On December 11, 1878, the Sproston Creole, the first steamer built by Sprostons' dry dock in Guiana, commenced operations. Other steamers such as the Guiana (1879), Charlestown (1881), Sproston Wood (1881), Amy (1886), Horatio (1886), New Amsterdam (1887) and the steam tug, Cuyuni (1884) bolstered ferry services in the country. The areas navigated also increased. For example, in 1881 ferry services were extended from the Demerara River to Lucky Spot and along the Berbice River from New Amsterdam to Comaka.

Examples of other steamers operated by Sprostons under exclusive contract from the government included Eluza, Malali and the launches Gertie, Elfreda and Piranah. Steamers were divided into two sections, First Class and Second Class.

Tickets for First Class during the 1880s cost $2.00, while the Second Class cost 48 cents. First-Class passengers travelled in luxury saloons. The high price of a ticket ensured that the passengers would be exclusively white and a few rich Creoles. Second class, on the other hand, meant that one had to travel together with cargo, which often included cattle and produce.

In 1894, Sproston extended his interests to Linden, acquiring a portion of the Patterson Plantation, which had been acquired by the Government. During that year a steamer service was established between Georgetown and Rockstone. By 1914 Sprostons' fleet consisted of some 15 ships, traversing the interior. They were classified as Class A1 ships, all built at Lloyds in London.

Trade & Commerce

Whilst Sprostons' ingenuity transformed the steamer service for transport in Guyana, the actions of Booker Brothers successfully established international trade links to and from Guyana.

The Liverpool House of the Booker Family originally operated businesses through the firm of Messrs Lucas, Cook and Company. In 1829, after the death of William Lucas, George and Richard Booker founded Booker Brothers & Company (Demerara), buying out the business interests of their business associates, Messrs Lucas and Cook.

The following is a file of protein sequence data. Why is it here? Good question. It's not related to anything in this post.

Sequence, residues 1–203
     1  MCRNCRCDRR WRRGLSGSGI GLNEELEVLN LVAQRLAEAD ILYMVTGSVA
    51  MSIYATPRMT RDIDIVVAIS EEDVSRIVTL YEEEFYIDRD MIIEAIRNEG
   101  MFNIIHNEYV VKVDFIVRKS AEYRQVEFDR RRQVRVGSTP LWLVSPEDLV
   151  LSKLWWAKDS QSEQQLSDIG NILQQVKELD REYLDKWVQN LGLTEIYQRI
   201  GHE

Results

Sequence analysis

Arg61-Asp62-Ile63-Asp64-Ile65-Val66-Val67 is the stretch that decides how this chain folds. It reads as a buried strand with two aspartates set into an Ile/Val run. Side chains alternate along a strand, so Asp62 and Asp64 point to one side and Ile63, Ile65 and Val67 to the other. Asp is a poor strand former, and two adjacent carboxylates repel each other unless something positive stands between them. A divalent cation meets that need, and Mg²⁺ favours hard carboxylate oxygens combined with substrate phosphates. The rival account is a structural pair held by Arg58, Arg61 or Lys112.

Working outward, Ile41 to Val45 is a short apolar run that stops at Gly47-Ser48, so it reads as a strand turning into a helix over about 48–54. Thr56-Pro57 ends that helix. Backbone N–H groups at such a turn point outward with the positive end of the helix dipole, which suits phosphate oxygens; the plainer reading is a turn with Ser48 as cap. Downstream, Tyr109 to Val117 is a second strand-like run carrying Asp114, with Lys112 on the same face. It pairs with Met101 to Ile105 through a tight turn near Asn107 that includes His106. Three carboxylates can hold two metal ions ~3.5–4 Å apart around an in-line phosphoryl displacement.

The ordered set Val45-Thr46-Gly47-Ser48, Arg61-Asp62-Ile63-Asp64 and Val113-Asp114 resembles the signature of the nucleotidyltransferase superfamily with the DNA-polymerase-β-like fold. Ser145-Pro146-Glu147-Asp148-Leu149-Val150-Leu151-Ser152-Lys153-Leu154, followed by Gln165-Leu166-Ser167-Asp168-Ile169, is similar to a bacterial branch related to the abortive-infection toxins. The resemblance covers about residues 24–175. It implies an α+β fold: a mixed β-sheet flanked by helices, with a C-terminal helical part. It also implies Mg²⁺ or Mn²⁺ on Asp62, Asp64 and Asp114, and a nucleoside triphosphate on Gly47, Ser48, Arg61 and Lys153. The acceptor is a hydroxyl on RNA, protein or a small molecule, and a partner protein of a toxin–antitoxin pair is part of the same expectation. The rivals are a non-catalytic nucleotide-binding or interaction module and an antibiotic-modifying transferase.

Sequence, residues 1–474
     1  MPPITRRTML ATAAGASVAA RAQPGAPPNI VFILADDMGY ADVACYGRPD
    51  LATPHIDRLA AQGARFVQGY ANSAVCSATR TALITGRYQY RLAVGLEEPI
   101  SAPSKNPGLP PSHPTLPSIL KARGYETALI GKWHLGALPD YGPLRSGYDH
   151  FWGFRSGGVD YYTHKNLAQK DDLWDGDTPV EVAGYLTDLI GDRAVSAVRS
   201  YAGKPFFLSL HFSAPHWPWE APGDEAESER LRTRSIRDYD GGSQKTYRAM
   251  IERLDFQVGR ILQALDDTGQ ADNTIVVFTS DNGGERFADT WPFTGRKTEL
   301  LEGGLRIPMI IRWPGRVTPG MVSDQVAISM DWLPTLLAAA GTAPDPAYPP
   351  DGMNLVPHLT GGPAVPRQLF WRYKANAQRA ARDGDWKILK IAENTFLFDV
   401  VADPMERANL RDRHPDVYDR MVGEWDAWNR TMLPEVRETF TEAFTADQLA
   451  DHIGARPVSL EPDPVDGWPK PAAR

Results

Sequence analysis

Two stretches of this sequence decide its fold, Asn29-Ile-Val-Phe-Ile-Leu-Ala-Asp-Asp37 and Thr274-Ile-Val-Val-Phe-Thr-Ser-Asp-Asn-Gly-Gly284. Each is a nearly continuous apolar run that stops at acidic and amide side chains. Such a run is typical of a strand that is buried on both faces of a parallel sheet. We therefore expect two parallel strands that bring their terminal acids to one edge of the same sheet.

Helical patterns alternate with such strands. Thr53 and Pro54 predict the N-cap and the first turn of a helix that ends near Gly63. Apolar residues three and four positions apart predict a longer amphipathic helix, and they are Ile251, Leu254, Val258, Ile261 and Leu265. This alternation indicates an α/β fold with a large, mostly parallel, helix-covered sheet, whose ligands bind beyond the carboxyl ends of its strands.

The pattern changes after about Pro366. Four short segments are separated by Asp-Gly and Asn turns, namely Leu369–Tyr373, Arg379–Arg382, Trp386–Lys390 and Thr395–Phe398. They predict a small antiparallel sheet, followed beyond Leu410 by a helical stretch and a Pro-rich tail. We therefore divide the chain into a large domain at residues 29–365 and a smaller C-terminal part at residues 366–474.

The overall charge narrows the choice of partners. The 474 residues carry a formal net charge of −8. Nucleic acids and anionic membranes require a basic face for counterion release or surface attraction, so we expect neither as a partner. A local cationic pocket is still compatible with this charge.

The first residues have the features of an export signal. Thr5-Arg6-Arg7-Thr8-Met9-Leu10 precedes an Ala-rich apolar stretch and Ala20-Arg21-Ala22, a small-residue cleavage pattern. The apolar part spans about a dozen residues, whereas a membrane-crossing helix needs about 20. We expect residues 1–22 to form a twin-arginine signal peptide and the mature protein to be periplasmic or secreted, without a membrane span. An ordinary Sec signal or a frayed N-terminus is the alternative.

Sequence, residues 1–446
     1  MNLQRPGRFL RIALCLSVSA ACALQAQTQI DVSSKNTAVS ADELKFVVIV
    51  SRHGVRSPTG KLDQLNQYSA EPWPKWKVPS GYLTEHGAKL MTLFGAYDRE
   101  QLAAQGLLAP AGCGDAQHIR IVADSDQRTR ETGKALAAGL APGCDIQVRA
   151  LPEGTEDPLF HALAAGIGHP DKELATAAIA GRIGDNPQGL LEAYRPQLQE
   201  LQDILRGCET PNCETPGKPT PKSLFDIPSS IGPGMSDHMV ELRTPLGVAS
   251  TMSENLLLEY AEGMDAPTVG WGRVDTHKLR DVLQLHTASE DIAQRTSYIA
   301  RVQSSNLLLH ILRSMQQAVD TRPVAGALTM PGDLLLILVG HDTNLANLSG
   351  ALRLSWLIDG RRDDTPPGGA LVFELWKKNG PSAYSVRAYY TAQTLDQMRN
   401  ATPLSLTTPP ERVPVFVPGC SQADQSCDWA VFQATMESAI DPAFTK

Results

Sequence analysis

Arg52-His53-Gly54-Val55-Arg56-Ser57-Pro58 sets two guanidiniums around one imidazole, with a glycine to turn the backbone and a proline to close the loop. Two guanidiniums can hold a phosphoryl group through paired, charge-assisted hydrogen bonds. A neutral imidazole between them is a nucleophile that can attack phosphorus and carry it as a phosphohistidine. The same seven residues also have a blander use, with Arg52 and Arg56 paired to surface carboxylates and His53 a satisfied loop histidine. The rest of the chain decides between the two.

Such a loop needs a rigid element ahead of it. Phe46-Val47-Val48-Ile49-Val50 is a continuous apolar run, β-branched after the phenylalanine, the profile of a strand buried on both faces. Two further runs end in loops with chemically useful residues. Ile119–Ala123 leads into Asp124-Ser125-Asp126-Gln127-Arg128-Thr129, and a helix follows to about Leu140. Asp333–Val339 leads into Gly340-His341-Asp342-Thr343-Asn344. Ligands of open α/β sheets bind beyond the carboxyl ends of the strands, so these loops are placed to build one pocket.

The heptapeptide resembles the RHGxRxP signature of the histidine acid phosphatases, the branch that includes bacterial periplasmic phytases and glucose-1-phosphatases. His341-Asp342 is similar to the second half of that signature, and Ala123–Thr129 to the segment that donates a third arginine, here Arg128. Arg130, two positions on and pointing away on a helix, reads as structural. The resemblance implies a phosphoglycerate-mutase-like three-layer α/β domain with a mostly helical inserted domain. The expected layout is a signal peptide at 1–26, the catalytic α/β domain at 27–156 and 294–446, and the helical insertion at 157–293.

During the early years of operation they contracted several boats for shipping produce to and from Demerara. These vessels included Elizabeth, which was purchased in 1835 and sold in 1837 for 1, 220 pounds sterling, the Palmyra (1837), Standard Wood (1839), the Lancaster (1844 - 1853), the Excelsior, a square rig, purchased in 1850 and sold in 1865, the Royal George (1854) and John Harrocks, a brig of 350 tons purchased in 1841 and wrecked in 1854.

Trade routes were effectively established between Georgetown and Liverpool via Vera Cruz, Jamaica and Rio in 1867. Chartered vessels were employed for shipping until 1918 when the Company established the Booker Line.

The first fleet consisted of three vessels: the Imataka, which was purchased in 1911, the Castillian Prince, renamed the Amakura, which was purchased in 1912, and the steamer, Arakaka, which was purchased in 1913. The first two vessels were sunk in the First World War and the third was sold in 1922.

Two years later two new ships were purchased; they were also christened the Amakura and the Arakaka. Like their predecessors, they were also sunk, during the Second World War.

Changing Hands

The First World War proved to be very profitable for Sprostons as numerous ships were repaired at the dry dock. By 1923, however the company began a slow downward spiral. Its interests were purchased by the Aluminium Company Limited based in Montreal, Canada.

One plausible hypothesis for the decline of Sprostons could be the establishment of the Transport and Harbours Department. In 1919, based on the recommendation of Gerald O Case, a Harbour Board was formed to raise loans on the security of harbour dues - to undertake works to improve harbour facilities.

Under the regulations of Ordinance No. 2 of 1919, the Board created consisted of the Governor, who acted as the Chairman, the Comptroller of Customs, who acted as Vice-Chairman, the Harbour Master, merchants and private owners. The objective of this new list of regulations was to improve the harbours of Georgetown and to establish similar facilities in other parts of the country. Revenue for these tasks was to be derived from tonnage dues and taxes.

In 1925, a hydrographic survey of the Essequibo River was undertaken and feasibility studies were executed for the establishment of a Bartica Terminus.

The actions of the Harbour Board and the new regulations soon gave way to the government asserting control of the transportation network that it had contracted to Sprostons to operate. This was done under the guidance of the Colonial Steamer Service.

In 1922, the Colonial Steamer Service became the Government Steamer Service. It was later amalgamated with the Demerara Railway to form the Colonial Transportation Department. It marked the end of one era and the beginning of another, a change of the guards.